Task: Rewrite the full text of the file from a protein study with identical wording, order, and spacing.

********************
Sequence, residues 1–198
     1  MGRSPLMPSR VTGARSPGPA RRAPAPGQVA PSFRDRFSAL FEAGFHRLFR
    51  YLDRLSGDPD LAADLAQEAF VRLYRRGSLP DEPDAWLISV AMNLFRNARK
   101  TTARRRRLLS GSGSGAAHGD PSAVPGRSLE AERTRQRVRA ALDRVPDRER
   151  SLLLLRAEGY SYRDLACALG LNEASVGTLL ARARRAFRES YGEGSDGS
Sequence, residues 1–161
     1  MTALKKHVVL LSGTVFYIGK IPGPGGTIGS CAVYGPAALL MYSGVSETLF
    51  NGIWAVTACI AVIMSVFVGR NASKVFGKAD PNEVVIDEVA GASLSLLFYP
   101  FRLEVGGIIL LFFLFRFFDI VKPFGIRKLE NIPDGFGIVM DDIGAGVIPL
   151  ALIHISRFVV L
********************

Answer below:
Sequence, residues 1–198
     1  MGRSPLMPSR VTGARSPGPA RRAPAPGQVA PSFRDRFSAL FEAGFHRLFR
    51  YLDRLSGDPD LAADLAQEAF VRLYRRGSLP DEPDAWLISV AMNLFRNARK
   101  TTARRRRLLS GSGSGAAHGD PSAVPGRSLE AERTRQRVRA ALDRVPDRER
   151  SLLLLRAEGY SYRDLACALG LNEASVGTLL ARARRAFRES YGEGSDGS
Sequence, residues 1–161
     1  MTALKKHVVL LSGTVFYIGK IPGPGGTIGS CAVYGPAALL MYSGVSETLF
    51  NGIWAVTACI AVIMSVFVGR NASKVFGKAD PNEVVIDEVA GASLSLLFYP
   101  FRLEVGGIIL LFFLFRFFDI VKPFGIRKLE NIPDGFGIVM DDIGAGVIPL
   151  ALIHISRFVV L